He groaned, remembering the way his very being had burned with what his encylopaedia called lactic acid after the last time he’d tried to keep up with Josie. If he didn’t want to fail in his mission he was going to have to do what she wanted. He took her hand and shook it. “Fine. But let’s hurry.”
Josie nodded and led him swiftly down the garden path between patches of decorative bark and slate. The garden was huge and circular, like a courtyard. And at the very bottom was a little gate that led behind a treeline boundary. Josie always argued it wasn’t a real boundary because it had a gate to get through so their mum saying they couldn’t go past the treeline made no sense. Their mum had stopped arguing against this long ago.
The burn was closed off from the sky by a canopy of pine trees, and the soft dirt of the burn’s banks was perpetually cluttered by a blanket of needles. It did smell rather nice.
Josie leapt across the burn and padded up to a tree whose roots were embedded in the steep opposite bank in a way that made them into a sort of staircase. But instead of ascending, Josie crouched and sat on one of the roots, fixing her gaze on something hidden from view by a point in the next root up that hung out a bit. All Eric could see was a little orange sparkle.
“I think it’s like a fairy or something,” Josie said.
“Oh, Josie, you know there’s no such thing as fairies.”
Josie shrugged. “Then come over here and prove I’m wrong.”
“You didn’t say I’d have to cross the burn!” Eric groaned. “I’d have changed my shoes.”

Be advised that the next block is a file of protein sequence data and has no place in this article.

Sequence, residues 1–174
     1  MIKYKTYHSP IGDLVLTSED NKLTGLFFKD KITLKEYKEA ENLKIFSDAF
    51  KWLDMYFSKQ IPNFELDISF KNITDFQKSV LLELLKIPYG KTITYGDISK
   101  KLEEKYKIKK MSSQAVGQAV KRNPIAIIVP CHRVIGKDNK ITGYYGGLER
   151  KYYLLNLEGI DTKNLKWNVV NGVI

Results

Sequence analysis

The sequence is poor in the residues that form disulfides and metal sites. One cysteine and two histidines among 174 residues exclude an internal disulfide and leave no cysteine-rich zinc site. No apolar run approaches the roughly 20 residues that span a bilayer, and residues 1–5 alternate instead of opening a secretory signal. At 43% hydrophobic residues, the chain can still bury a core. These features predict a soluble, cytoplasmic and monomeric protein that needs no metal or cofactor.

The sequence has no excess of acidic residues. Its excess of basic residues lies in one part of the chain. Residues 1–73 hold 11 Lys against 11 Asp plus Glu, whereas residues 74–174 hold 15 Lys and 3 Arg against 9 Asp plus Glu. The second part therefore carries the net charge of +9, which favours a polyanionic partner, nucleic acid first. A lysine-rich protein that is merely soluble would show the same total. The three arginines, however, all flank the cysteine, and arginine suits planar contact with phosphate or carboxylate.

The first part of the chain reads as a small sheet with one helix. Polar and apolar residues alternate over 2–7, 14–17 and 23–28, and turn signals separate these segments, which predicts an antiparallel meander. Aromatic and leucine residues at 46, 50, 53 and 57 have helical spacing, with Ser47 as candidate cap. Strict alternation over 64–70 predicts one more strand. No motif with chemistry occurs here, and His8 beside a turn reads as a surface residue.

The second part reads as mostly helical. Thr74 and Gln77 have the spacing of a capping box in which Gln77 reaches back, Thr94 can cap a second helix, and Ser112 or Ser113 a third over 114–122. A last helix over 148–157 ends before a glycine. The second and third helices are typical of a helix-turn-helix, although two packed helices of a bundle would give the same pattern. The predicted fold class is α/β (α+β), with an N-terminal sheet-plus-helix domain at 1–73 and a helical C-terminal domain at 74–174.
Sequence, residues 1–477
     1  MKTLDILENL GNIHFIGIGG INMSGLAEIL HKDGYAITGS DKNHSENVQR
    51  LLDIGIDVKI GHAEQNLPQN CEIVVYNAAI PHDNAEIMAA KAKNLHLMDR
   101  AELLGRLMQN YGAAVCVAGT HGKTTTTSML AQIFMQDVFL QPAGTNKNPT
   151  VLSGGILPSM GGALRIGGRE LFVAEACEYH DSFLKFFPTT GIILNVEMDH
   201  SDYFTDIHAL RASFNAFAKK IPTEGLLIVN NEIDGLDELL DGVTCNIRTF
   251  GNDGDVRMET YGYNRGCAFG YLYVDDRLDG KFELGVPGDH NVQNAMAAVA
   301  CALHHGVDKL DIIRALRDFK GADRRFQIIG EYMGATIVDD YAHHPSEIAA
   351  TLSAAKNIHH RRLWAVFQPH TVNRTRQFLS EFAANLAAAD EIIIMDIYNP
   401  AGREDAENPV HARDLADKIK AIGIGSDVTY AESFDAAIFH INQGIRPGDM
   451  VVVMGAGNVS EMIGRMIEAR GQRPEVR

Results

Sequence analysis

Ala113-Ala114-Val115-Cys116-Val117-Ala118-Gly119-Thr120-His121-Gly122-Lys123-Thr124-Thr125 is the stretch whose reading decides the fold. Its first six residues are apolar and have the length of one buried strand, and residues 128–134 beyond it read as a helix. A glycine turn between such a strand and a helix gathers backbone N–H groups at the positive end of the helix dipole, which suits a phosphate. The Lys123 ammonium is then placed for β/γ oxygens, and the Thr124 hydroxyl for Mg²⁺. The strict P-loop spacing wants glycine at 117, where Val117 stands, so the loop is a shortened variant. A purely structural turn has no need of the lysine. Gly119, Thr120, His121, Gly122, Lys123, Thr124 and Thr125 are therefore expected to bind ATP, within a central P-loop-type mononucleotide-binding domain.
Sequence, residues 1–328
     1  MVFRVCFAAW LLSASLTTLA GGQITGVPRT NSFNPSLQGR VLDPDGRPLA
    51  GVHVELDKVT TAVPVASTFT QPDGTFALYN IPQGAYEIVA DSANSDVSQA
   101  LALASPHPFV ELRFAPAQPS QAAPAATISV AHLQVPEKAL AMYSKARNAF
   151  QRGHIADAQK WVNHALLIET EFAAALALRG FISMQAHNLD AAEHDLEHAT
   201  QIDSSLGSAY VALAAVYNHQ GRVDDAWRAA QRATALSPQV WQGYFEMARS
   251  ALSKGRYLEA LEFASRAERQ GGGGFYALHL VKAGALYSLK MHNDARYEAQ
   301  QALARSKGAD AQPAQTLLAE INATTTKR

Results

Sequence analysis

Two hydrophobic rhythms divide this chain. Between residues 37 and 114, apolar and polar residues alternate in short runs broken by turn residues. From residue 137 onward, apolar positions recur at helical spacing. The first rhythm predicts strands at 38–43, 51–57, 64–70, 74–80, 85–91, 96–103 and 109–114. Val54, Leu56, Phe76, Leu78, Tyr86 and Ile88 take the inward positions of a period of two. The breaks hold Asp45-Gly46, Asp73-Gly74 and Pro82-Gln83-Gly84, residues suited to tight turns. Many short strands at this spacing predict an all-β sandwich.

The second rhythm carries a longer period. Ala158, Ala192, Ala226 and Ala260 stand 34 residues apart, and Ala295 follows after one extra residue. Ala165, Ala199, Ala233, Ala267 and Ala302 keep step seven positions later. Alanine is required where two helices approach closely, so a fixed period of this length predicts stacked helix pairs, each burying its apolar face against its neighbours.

Josie laughed out loud. “I knew you were going to say that! But you’ve got big long legs!”
It was true, Eric reflected. He had indeed had a bit of a growth spurt recently. But when he’d claimed as much to Josie she’d just challenged him to a jumping competition to see who was really taller. She was definitely making fun of him. Still, whether she meant it or not, he probably was tall enough to cross the burn in one step now.
He edged up as close as he could get to the water, then carefully reached one leg out. But the slower, more carefully he went, the longer he was standing one foot for. He yelped and pushed off with his back leg but his weight had shifted too far forward and the extra air he got only just got him past the water. The back of his heel impacted on a stone, and the back of his trousers got a hefty splash. To make matters worse, in trying to keep his balance, his back leg shifted forward a bit and the toe of his shoe poked straight into the muddy water.
“No!” he cried, and immediately leapt forward, taking off from his front foot and swinging his back leg all the way up onto the third root.
“Why didn’t you go that far the first time?” Josie frowned, seeming genuinely confused.
“Just show me whatever it is.” Eric glowered at her and tried to wipe some of the mud off his shoe with a handkerchief from his school blazer pocket.
Josie beckoned him over and made a little room on her root. He slid in between her and whatever she’d been looking at, took a deep breath and turned his head to see.